Tour Locations | A Stroll Through Carouge: Geneva's Little Italy
LOCATION 27 | A Stroll Through Carouge: Geneva's Little Italy
The Protestant church and theatre
Stop here in the middle of this side of the place.
See this temple to your right. What is this doing in a Catholic city!?
Well, to fill all these houses built so quickly, they needed inhabitants and craftsmen. So, honest people from everywhere were accepted. Some Protestants from Geneva moved here and Protestants from France and Italy settled down. They depended on the parish of Lancy, a little city near Carouge. But after Napoleon, when Carouge was integrated into the canton of Geneva, the Protestants obtained the authorization to have their own parish and build a church. If you've taken my tour of the old town of Geneva, you know already that the French and Italian speaking Protestants call their churches “temple”. So, this is the Protestant temple of Carouge. The peristyle with the heavy pillars is a little over-dimensioned, but the Protestants wanted to show a strong presence.
Normally, Protestant temples have a very sober decoration inside. But this one is very special. A hundred years after its construction, the reverend made a great number of wooden carvings; beautiful Belle époque paintings of angels adorn the ceiling, and colorful stained-glass windows bringing vibrant light into the temple. But on top of all, above the pulpit is a giant fresco of a nativity with baby Jesus, Mary and Joseph, the magus kings, the shepherds, and all. In a Protestant temple! It is probably the only Protestant worshiping place in the world with a nativity painted above the pulpit. Even the famed performer Charlie Chaplin, who lived the last part of his life on the other side of Lake of Geneva, came to admire it and said: “…I was deeply moved by the visit to your church and the immensity of your beautiful work. It is an epic poem of love and devotion … for generations to come, it will be venerated.”
Protestant temples are always closed except for ceremonies. So, you cannot go to see it unless you ask the parish beforehand or you rent an official guide. But you can see a picture of it now on your screen.
In 1787, the king of Sardinia also authorized Jews to settle down here. But, whereas in the capital Torino they were locked up at night in a ghetto, here, they were considered as normal citizens, had the same rights and duties as everybody. The king specified: “under the condition that they create no fuss in public”. They were also allowed to have a Synagogue in a part of a house near the marketplace. This was the first Synagogue of the whole region, but it doesn’t exist anymore, the Synagogues are now in Geneva. A Jewish cemetery was also allowed, and it’s still there. The main promoter of the region, count Fléchère of Veyrier, even wrote to the king that if Muslims would want to come, they would be welcome just as much. You see: Carouge was a very open-minded city from the beginning and still is as up to the day.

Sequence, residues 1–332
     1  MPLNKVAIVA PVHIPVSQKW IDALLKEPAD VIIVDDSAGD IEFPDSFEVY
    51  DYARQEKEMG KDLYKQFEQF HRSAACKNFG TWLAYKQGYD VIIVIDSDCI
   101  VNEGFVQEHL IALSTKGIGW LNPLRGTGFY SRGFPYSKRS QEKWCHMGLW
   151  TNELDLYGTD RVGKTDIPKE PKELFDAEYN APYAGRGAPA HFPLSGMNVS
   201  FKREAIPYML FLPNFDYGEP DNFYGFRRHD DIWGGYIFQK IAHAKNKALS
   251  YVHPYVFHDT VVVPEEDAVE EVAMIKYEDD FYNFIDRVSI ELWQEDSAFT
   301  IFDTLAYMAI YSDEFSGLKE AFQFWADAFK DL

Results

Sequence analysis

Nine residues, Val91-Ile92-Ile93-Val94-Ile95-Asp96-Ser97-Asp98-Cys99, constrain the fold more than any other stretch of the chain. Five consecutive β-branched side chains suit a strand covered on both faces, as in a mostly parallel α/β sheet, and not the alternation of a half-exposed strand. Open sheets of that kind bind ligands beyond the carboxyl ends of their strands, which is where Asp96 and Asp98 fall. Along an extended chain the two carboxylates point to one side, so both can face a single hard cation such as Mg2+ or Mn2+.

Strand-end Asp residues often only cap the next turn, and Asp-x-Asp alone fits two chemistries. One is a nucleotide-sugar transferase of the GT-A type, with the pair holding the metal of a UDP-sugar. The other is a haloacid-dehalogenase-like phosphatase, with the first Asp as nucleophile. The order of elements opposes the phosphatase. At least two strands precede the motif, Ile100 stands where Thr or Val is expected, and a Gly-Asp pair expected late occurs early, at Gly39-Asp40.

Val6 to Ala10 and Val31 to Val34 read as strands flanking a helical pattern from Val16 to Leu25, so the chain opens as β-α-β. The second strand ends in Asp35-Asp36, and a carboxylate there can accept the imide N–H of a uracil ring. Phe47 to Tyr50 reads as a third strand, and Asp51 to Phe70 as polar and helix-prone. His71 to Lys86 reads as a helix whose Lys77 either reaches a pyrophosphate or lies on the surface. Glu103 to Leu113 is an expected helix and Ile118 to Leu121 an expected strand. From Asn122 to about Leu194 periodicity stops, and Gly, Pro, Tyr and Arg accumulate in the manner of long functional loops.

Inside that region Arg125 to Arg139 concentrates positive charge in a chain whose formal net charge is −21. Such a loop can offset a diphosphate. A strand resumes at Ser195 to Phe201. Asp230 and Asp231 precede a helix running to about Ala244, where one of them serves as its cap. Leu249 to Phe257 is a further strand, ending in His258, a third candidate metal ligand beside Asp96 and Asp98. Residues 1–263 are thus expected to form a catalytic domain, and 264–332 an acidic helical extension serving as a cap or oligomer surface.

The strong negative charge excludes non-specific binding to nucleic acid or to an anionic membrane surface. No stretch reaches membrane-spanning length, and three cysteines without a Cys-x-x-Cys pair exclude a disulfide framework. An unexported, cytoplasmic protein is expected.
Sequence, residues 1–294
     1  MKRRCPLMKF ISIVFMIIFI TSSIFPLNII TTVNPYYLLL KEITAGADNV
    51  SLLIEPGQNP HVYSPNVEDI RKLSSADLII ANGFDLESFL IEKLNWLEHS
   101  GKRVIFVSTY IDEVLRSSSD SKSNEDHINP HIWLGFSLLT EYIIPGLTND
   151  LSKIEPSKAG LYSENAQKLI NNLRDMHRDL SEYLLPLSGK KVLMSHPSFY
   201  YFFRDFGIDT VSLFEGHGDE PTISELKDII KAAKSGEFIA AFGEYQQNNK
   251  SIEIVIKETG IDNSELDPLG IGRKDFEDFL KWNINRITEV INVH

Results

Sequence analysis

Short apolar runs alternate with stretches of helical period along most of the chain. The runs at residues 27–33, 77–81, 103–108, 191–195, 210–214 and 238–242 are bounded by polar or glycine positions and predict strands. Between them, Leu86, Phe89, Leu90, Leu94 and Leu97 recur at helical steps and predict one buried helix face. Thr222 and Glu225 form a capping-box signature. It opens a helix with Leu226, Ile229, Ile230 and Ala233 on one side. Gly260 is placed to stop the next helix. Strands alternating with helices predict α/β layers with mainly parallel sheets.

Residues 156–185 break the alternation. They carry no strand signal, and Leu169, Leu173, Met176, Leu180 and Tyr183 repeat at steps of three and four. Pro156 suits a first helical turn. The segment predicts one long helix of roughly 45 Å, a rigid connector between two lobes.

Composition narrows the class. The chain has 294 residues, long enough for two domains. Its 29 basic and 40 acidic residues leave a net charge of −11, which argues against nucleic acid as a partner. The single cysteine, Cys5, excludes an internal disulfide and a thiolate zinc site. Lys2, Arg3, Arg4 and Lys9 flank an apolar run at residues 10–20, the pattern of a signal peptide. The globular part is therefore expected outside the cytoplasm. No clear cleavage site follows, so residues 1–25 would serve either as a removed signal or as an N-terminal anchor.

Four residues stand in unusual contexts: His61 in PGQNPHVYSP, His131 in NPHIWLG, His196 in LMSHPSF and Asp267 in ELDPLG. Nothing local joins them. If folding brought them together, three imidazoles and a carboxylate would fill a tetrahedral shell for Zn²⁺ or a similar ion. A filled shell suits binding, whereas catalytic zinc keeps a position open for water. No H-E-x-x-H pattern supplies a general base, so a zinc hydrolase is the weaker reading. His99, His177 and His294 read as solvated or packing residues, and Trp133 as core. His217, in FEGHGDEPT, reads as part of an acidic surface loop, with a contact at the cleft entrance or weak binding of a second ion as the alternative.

Turn now with your back to the temple and look to your left.
There is a little garage entrance into a pocket theatre. Carouge has always liked to have theatre, even at the times when it was prohibited in Geneva. Today, besides two small theatres like this one, we have a freshly built big theatre which has the largest public in the whole region. If you like to see it, take the tramway to the stop “Ancienne” which is one stop after the marketplace. You cannot miss it.
The famous philosopher of the enlightenment Voltaire came to Geneva at the end of 1754. Being one of the wealthiest men of France, he then considered himself a playwright. His most famous play “Candide” was written in Geneva. But the Genevan authorities told Voltaire: “in Geneva, we don’t play theatre.” So, what did he do? He asked the king of Sardinia to authorize him to play in Carouge. His first play was presented to the public here in a wooden shed in 1758. And the ladies will love the title of the play: “The woman who was right”. And we men can be comforted by the fact that he spoke in the singular tense. A little later, the shed collapsed, killing its unfortunate director. A funny and sad history at the same time. And Voltaire moved from Geneva to a nearby village which is now the city of Ferney-Voltaire.
So, we have come to the end of this tour. There is so much more to be heard and seen. If you would like to know and discover more about Carouge and Geneva, you might follow some of my other tours or rent a guide at the Carouge agency Illico-Travel or on www.visitgeneva.ch
I would greatly appreciate it if you took a moment to rate the tour and leave a comment… and I wish you a very nice stay in our city.